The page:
- The rationale online for its provisions is that ‘Although the chances of infected blood getting past our screening tests are very small, our tests do not always show if you are infected. This is why we must take care in choosing donors and why you must not give blood if you are infected.’
Obviously this doesn't explain the severity of the gay men exclusion, and the website doesn't try to do so. I got on the research path today to see why.
On the phone, I asked the first person to confirm what the current policy was on men who've had oral or anal intercourse with other men giving blood. He did so, but as soon as I asked why, he couldn't give even the most explanation; instead, he asked me to hang on, as he'd put me through to the referral service. Strike one against them - you should surely be able to give a reason, even a basic one, to a normal enquiry.
The second person was a woman. This time I asked her what was the rationale behind it. She said it was to do with the bodily fluids exchanged which might cause HIV/AIDS at the start of the epidemic. As soon as I pointed out that bodily fluids are exchanged in a lot of non-gay situations, she said she'd put me through to a doctor. Strike two.
I got the full lowdown with the doctor. People who have had gay anal sex are at a higher risk as a group than others. In resopnse to my question - what about if you're using condoms? - he said that condoms weren't always effective, and that there are a number of factors involved apart from the exchange of fluids, one of which is the blood that comes from the lining of the body during anal intercourse, which he followed with the exact words 'the anus isn't designed for that'. I pointed out that a lot of heterosexual couples engage in anal intercourse. He said that he was aware of this and that they were looking at changing their policy for said straight couples. Since they could have been doing this a long time ago, that can't be all that's involved.
He told me that it was a combination of factors that was involved in making 'people in the process of being involved with' gay sex at higher risk as a group, not as individuals. Gay anal sex still being way above in the HIV/AIDS stats, above drug use and African sex (I didn't have latest stats with me to check this, so I didn't question it, though I pointed out as often as possible that the stats were rising very sharply, and at a much quicker rate among the (young) straight population. He said that if testing were infallible there would be no problem, but that it isn't. I asked why there should be some fixed time limit, perhaps five years, that was ultra-safe, since as far as I'm aware - and he didn't directly contradict me - all research shows that the risk of HIV infection goes within a year. To this he answered that the virus replicates in a person and at a point it converts and the body starts making anti-bodies. They couldn't be sure which point, and before that point it is completely undetectable even by the most sensitive - PCR(?) - processes. He reverted to a lot of technological language here, I think designed to put me off. He basically succeeded, because I couldn't take issue with the specific analysis of processes involved.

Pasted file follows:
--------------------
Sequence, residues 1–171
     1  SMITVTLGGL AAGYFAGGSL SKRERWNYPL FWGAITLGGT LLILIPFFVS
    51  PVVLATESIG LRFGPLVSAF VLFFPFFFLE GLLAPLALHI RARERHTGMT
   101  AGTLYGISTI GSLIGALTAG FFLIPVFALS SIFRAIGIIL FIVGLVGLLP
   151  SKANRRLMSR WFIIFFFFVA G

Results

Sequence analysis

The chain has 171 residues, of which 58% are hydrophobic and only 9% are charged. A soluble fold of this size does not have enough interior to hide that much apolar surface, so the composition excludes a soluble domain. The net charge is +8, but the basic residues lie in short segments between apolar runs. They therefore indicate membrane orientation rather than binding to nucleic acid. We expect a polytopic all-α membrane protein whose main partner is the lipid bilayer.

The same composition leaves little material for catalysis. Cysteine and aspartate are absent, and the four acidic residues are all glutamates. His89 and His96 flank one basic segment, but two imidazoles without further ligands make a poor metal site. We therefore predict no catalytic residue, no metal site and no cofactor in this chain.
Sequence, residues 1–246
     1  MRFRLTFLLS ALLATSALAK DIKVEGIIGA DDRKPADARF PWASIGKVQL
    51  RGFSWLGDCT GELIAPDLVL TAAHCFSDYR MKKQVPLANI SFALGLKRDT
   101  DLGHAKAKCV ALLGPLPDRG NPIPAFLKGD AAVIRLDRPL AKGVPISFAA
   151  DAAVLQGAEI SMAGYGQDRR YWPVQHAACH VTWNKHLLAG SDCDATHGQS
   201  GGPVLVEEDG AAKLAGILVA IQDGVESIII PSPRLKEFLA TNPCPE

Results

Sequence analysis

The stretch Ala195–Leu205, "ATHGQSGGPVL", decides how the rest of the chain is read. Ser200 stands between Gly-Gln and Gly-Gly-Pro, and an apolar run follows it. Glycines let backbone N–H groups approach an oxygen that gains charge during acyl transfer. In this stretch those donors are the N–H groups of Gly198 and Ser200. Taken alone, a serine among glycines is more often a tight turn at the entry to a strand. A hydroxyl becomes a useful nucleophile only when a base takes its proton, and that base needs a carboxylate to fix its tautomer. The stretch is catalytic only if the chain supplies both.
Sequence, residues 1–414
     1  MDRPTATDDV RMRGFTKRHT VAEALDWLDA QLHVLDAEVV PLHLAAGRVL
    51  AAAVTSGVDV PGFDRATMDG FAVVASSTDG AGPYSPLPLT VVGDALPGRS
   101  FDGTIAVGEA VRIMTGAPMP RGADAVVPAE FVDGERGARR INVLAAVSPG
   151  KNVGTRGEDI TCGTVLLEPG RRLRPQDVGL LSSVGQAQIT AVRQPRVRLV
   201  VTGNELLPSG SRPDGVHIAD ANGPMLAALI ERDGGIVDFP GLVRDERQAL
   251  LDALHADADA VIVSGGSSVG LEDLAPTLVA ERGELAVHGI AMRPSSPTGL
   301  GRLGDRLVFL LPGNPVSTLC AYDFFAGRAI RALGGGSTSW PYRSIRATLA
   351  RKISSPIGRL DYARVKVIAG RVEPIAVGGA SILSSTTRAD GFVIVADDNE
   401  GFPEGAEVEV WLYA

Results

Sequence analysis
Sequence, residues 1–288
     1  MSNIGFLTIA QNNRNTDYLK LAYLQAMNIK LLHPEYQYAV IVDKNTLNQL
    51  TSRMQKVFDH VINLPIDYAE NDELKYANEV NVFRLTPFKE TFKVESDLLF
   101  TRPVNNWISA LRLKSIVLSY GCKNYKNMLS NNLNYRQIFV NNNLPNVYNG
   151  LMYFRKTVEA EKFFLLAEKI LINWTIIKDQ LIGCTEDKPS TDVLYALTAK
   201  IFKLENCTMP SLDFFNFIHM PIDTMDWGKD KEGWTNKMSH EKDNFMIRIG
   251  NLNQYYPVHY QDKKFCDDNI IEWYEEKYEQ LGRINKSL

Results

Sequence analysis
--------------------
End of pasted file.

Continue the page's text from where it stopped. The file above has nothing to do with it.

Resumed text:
At one point he, unbelievably, became almost joky. After talking about the need to comply with regulations as a member of the EU - not quite sure how this is relevant in this regard - he said, in response to my question about not having the same provision for straight people who haven't even used protection, that it was unusual that all these factors [which could cause HIV/AIDS in a condomed gay sex situation, I guess] would come together, but that they had to be like Brunel with his bridges. He worked out the maximum load they would bear, then built them at twice that to be safe. Like him, the NBS needs to aim beyond what's likely. He then tripped up on his metaphors and said that they needed to look at the worst case scenario, then stammered a little before saying, and beyond that.
Final words from him - 'We're trying to be openminded, but we have to make worst case scenario judgements, which will be unfair to certain individuals'. Strike out.
Much of the language he used - outlined above, and I won't point to specific phrasings - suggests a deep-seated prejudice within the blood service policy, something confirmed by the fact that the online question regarding gay sex used to say in scare-quotes "(even 'safe sex')", but has been changed with a lot of pressure to "(even sex with a condom)".
This also suggests why no one could answer my questions at a lower level. It's simply incoherent, and the provisions are not replicated for any other group with similar factors. The general defence he used, because it's one that's hard to answer I guess, is that it's the combination of factors involved in the gay sex case which make the exclusion so severe. But then, there should be a much longer form involved for donating blood, which asks whether you've had a tattoo, and a piercing, and slept with someone who's been infected with hepatitis sometime in the distant past. Such a combination of factors must surely exclude them for life...